All eyes have been on Lafreniere for the last few seasons. There are so many reasons why he has cemented his status as the first overall pick. He has elite hockey sense, a high-end compete level, and is a major offensive threat. While it may not look like it, Lafreniere does bring a physical element to his game, getting in on the forecheck and constantly battling for possession of the puck.
Whenever he is on the ice, every play either starts or ends with him. Unfortunately for the opposition, it won’t end well. He protects the puck extremely well and is able to block his opponents form attacking or is able to leave them in the dust. He reads the ice extremely well, as he knows how to get into the dirty areas with ease as well as finding the open ice. He’s got an elite shot and quick release. In addition, he has great vision knowing where his teammates are to make excellent, clean and accurate passes.
His stats support why he’s the best of 2020. He’s first in even-strength primary points per game (1.13), first in primary points per game (1.67), and total points per game (2.15). Lafreniere’s offensive vision is tops in the draft. This isn’t anything new as we saw what he can do with the Oceanic, the Hlinka-Gretzky Cup and the World Juniors Championships, despite missing some games earning all the top accolades.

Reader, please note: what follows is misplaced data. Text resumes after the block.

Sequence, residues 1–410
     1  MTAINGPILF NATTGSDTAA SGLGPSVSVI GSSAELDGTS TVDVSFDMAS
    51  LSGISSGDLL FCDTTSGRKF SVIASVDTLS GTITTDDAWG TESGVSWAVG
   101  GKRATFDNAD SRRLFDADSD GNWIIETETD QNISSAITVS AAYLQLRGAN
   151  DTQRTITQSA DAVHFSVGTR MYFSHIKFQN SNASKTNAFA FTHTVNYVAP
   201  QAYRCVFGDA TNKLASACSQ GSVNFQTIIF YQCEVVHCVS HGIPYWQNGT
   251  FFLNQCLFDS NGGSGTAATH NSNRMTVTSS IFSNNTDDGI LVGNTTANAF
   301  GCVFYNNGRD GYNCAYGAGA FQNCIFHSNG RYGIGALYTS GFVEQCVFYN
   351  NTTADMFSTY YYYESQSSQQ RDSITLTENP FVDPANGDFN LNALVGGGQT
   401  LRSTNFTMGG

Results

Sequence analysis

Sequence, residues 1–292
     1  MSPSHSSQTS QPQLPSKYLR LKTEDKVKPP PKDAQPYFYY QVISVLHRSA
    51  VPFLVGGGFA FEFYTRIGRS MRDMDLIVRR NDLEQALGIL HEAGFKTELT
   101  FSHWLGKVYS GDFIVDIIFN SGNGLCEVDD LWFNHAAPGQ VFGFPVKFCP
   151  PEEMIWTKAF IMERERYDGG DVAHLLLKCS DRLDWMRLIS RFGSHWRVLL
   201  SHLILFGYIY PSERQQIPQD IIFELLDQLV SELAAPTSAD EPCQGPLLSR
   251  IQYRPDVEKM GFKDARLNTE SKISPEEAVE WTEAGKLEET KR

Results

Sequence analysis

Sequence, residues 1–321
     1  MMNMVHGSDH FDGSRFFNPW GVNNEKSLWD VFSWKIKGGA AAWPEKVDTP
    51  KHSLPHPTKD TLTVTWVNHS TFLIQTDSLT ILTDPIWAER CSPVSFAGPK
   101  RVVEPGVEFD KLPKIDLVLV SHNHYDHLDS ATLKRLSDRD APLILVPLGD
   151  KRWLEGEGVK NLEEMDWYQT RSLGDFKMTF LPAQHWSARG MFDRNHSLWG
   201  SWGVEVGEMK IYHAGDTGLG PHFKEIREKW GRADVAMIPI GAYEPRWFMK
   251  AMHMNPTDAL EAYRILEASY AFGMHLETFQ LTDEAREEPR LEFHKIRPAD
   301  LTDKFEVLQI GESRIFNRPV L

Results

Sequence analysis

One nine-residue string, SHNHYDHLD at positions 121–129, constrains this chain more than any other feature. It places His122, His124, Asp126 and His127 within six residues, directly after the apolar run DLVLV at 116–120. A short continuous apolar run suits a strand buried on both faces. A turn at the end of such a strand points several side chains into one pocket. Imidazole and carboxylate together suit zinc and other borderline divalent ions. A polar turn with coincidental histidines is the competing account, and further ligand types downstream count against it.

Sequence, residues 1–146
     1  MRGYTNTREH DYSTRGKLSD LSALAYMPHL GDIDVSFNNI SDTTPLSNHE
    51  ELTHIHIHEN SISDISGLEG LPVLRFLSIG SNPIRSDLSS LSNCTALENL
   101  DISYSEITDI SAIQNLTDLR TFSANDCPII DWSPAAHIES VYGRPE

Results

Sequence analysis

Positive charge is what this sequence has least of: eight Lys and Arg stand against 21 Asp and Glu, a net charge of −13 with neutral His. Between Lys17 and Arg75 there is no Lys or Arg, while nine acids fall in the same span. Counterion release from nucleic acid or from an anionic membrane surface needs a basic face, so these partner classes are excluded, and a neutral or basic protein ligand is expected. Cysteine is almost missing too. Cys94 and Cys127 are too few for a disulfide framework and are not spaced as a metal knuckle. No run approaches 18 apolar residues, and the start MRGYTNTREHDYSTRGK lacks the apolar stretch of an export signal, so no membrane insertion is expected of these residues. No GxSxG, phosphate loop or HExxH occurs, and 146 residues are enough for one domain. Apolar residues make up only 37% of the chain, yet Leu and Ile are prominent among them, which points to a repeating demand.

There isn’t any doubt that Lafreniere has the skillset to become an elite level and impact player at the NHL level. His focus isn’t on going back to the QMJHL, it’s making the NHL. Knowing his mentality and drive, it’s very likely that he will, which is why he’s the top left winger in the 2020 NHL draft.
Peter is in his third year with The Hockey Writers, covering the Toronto Maple Leafs and heading the Draft and Prospects section. He has previously interned at The Hockey News and worked on Toronto Marlies broadcasts for Rogers TV. He currently is the co-host of the podcast Sticks in the 6ix and a frequent guest on Maple Leafs Lounge. Aside from hockey, he also enjoys drumming, animation and impressions/ voices.